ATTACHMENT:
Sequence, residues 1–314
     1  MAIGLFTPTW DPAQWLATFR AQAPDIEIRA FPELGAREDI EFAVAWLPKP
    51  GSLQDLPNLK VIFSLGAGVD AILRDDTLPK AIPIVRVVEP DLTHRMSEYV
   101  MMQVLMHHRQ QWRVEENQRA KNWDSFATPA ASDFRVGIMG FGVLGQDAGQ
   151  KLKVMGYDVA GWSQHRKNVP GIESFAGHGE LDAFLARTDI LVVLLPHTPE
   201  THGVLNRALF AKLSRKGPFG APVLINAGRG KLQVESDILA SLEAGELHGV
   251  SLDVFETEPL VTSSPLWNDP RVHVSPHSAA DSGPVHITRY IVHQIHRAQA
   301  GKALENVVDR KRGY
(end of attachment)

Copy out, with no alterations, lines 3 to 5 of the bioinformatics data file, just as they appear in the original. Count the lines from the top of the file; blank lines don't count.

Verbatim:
    51  GSLQDLPNLK VIFSLGAGVD AILRDDTLPK AIPIVRVVEP DLTHRMSEYV
   101  MMQVLMHHRQ QWRVEENQRA KNWDSFATPA ASDFRVGIMG FGVLGQDAGQ
   151  KLKVMGYDVA GWSQHRKNVP GIESFAGHGE LDAFLARTDI LVVLLPHTPE